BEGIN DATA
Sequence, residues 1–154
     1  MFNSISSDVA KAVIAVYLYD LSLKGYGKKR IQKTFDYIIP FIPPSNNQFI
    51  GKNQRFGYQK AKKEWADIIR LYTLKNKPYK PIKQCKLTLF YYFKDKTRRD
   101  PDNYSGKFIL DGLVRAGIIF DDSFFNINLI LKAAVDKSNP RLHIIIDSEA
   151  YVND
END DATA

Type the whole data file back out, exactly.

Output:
Sequence, residues 1–154
     1  MFNSISSDVA KAVIAVYLYD LSLKGYGKKR IQKTFDYIIP FIPPSNNQFI
    51  GKNQRFGYQK AKKEWADIIR LYTLKNKPYK PIKQCKLTLF YYFKDKTRRD
   101  PDNYSGKFIL DGLVRAGIIF DDSFFNINLI LKAAVDKSNP RLHIIIDSEA
   151  YVND